This paper examines how differences in distinct institutional clusters of countries impact on the vital entrepreneurial activity of venture capital, and how individuals, organizations, and their collective action in turn shape those institutions. The focus on venture capital offers researchers the opportunity to view an industry that comes from a common root, with strong and consistent traditions, in which to examine how the differing institutional settings impact on behaviors in different markets, and how the institutions themselves may change in these settings. We also focus on emerging economies, since such economies offer a natural laboratory to study the impact of institutional change. Specifically, this paper employs an institutional theory perspective to examine venture capital in two regions of the world that form institutional clusters of countries – Latin America and Asia.9 months ago It is found that the venture capital industry exhibits a strong consistency across many dimensions; yet institutions in these two distinct settings result in significant differences in industry practice. Therefore this research is able to contribute to both empirical and theoretical understanding of emerging economies, institutions in those environments, and venture capital.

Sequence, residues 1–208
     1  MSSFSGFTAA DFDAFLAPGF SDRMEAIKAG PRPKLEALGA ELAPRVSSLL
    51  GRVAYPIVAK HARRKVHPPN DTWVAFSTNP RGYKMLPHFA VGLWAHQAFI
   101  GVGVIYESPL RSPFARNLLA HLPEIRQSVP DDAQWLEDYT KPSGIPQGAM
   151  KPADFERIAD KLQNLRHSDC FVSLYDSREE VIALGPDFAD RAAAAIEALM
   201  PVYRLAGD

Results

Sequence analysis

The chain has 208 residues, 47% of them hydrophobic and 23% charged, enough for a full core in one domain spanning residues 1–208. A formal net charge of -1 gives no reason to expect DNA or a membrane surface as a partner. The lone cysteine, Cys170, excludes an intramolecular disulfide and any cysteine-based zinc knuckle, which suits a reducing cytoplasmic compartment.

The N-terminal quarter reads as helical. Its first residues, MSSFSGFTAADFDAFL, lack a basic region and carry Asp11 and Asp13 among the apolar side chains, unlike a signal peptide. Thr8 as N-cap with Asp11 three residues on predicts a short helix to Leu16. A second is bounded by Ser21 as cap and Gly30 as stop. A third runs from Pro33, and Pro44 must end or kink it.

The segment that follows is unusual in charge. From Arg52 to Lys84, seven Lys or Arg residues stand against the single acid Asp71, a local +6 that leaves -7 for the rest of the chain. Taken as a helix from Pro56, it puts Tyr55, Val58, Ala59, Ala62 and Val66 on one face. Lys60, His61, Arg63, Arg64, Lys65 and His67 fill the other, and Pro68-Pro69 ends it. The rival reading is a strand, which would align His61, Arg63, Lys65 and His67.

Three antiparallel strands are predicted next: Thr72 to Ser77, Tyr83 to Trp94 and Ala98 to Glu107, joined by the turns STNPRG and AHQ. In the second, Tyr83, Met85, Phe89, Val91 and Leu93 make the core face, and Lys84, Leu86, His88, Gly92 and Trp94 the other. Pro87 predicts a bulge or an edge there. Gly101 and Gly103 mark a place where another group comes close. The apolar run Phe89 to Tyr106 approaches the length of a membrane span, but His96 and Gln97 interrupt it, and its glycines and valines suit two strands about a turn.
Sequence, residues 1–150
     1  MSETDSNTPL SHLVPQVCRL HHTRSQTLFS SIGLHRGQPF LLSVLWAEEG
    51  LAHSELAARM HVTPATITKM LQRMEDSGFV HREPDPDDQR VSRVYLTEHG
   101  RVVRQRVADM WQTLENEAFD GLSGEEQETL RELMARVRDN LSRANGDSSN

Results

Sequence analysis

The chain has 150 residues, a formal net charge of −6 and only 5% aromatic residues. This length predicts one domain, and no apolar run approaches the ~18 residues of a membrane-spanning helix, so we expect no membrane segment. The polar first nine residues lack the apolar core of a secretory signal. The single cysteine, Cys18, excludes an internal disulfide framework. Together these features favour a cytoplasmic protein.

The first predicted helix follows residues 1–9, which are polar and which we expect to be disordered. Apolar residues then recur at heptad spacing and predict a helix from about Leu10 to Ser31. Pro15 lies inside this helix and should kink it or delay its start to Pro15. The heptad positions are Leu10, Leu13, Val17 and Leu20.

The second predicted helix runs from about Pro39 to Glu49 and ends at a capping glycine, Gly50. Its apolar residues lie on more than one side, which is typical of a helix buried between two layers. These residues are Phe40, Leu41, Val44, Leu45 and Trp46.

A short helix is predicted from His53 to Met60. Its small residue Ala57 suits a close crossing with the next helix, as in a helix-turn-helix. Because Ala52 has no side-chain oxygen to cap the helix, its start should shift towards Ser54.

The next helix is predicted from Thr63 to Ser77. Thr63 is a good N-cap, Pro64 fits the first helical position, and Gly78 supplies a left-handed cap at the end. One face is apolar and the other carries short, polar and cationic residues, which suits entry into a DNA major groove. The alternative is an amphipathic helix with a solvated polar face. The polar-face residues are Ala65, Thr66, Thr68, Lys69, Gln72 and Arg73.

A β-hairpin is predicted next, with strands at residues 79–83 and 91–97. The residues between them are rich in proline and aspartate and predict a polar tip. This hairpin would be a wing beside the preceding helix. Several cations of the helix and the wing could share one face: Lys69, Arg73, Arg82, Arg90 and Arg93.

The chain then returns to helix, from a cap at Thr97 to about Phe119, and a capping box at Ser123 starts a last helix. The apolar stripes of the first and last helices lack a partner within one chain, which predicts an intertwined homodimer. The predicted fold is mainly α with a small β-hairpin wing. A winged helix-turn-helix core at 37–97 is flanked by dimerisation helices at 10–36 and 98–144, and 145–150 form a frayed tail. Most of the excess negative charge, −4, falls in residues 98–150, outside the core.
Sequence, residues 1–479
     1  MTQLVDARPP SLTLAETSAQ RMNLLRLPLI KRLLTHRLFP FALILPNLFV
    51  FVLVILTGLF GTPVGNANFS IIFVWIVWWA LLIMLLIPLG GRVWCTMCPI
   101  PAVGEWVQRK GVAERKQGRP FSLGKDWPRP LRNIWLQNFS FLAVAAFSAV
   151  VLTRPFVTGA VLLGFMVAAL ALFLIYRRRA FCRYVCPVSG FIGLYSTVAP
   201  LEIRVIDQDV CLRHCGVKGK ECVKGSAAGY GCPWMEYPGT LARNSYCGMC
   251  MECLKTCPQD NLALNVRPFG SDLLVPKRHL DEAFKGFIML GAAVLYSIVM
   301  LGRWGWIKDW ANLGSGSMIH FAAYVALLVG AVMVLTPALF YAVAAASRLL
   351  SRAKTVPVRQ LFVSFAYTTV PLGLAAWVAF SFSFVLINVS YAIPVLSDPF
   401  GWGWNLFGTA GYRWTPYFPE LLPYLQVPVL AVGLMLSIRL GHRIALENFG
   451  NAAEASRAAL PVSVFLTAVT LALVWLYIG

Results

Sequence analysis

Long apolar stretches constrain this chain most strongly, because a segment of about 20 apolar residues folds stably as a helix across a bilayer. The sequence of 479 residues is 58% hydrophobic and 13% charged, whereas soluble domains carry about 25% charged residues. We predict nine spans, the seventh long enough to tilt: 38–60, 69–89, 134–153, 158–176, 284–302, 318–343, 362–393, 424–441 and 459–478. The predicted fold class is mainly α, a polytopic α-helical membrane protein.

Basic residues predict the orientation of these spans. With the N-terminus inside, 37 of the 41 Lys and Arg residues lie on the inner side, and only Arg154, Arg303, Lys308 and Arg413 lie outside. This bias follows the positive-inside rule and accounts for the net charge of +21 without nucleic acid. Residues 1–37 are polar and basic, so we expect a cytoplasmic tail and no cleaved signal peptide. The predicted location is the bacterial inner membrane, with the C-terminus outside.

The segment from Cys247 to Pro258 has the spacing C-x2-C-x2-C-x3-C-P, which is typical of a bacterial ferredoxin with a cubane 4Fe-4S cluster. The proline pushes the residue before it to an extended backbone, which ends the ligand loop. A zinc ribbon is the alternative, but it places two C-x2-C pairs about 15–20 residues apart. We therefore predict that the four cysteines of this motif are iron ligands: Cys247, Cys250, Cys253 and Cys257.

1.For the purpose of this study, the countries of Latin America include Mexico, Brazil, Argentina, Guatemala, Costa Rica, and Colombia. Asia includes Hong Kong, Taiwan, Thailand, Singapore, Malaysia, Philippines, Myanmar, Viet Nam, and China. South and West Asia were not included in the sample because of the significant differences in culture and institutions in those regions.

2.Venture capital is typically associated with earlier-stage ventures in the more developed economies of the West, whereas “private equity” is typically seen as a more inclusive term that includes activities that involve more mature firms such as buyouts. The industry in Asia and Latin America is much younger and smaller: the term “venture capitalist” typically is used for individuals who head all types of private equity firm, and the term “venture capital” is used to refer to all types of private equity firm in Asia and Latin America.

3.In grounded theory, categories are thought to be saturated when additional data collection such as interviews adds little or no additional information to the existing categories, or fails to create new informational categories.

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Acknowledgements

This paper was previously presented to the Society for Entrepreneurial Scholars. Thanks are expressed to Michael Lubatkin, Tom Lee, and David Deeds for earlier comments on the manuscript, Singapore VC List and to Marc Ahlstrom of Burlington County College for his research assistance.

M J Neeley School of Business, Texas Christian University, Fort Worth, USA

Garry D Bruton

Department of The Chinese University of Hong Kong, Shatin, Hong Kong

David Ahlstrom

VA Tech Hydro Corporation, University Research Park, Charlotte, USA

Tomas Puky

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Correspondence to David Ahlstrom.

Accepted by Rosalie Tung, Area Editor, 21 September 2008. This paper has been with the authors for three revisions.

Bruton, G., Ahlstrom, D. & Puky, T. Institutional differences and the development of entrepreneurial ventures: A comparison of the venture capital industries in Latin America and Asia. J Int Bus Stud 40, 762-778 (2009).